Jia Ashton murder: David Simmonds pleads guilty
A man has admitted murdering a woman as she walked home from work through woodland in Derbyshire.
Jia Ashton, 25, went missing in March after leaving work at chocolate maker Thornton's headquarters in Somercotes in March.
Her body was discovered by a mountain rescue search dog in nearby Sleetmoor Woods three days later.
David Simmonds, 21, from Heanor, appeared at Nottingham Crown Court, where he pleaded guilty to murder.
Police believe Mrs Ashton, who was employed on a graduate scheme by Thorntons, was killed after walking into the woods along a path known locally as the "yellow brick road".
The economics graduate, from Somercotes, suffered a ferocious attack, said detectives, which caused the rupture of an atrium in her heart.
Her body was found hidden beneath logs and branches.
Simmonds, of Derby Road, was caught after a couple walking their dog saw a man of "possibly homeless appearance" in Sleetmoor Woods on the day Mrs Ashton disappeared.
Officers took fingerprints and DNA samples from people registered homeless in the area, one of whom was Simmonds.
There was no sexual element to the murder, said police, and Simmonds has yet to explain why he carried out the attack.
Det Supt Terry Branson, of Derbyshire Police, who led the murder inquiry, said Simmonds was "a habitual liar" who tried his best to cover up the killing.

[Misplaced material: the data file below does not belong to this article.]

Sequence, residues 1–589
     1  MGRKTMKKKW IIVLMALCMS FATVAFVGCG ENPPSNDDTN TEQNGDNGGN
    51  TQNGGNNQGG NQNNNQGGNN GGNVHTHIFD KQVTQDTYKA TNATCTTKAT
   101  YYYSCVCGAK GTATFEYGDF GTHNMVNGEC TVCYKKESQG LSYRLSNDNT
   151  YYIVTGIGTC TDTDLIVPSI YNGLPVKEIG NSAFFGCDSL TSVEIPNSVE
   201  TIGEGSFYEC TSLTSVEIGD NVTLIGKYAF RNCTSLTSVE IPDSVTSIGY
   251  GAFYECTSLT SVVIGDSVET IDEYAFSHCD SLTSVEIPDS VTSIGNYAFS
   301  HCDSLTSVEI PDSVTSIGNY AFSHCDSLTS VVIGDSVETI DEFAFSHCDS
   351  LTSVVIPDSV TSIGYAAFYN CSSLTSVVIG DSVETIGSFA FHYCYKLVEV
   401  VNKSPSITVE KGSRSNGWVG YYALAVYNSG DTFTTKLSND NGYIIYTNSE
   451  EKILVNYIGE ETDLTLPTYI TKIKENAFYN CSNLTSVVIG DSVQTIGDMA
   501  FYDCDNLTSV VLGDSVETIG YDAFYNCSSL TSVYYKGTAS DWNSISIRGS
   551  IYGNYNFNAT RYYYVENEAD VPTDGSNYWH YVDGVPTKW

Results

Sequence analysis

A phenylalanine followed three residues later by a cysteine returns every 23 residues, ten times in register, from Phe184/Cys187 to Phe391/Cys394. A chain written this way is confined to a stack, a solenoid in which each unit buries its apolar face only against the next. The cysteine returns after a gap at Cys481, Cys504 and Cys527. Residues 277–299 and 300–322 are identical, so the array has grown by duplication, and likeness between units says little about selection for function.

"Without a doubt Mr Simmonds went to great lengths to hide the body to make sure that we never found Jia. He made every attempt to frustrate the subsequent police inquiry."
It is not known if injuries found on Simmonds' hands happened as a result of Mrs Ashton trying to fight him off.
Simmonds, at 6ft 2in and 19 stone, was more than three times the weight of his victim who was 4ft 11in and weighed six-and-a-half stone.
"The only person who knows what happened in that wood at the moment is David Simmonds and to what extent Jia fought back, it's only him that knows," Det Supt Branson said.
After the hearing, Mrs Ashton's husband Matthew said in a statement: "It has been six long and painful months since Jia was taken from us.
"Although Simmonds has finally admitted to the terrible crime he has committed, there can never be a sentence severe enough. He has taken someone so special and irreplaceable - and for what?
"At one time we thought that answers would help us come to terms with what he did to Jia. I now know that these answers may never come.
"I hope that justice will be done and that this despicable being will never be free to kill again."
Simmonds, who had originally denied the murder, is due to be sentenced on 7 October.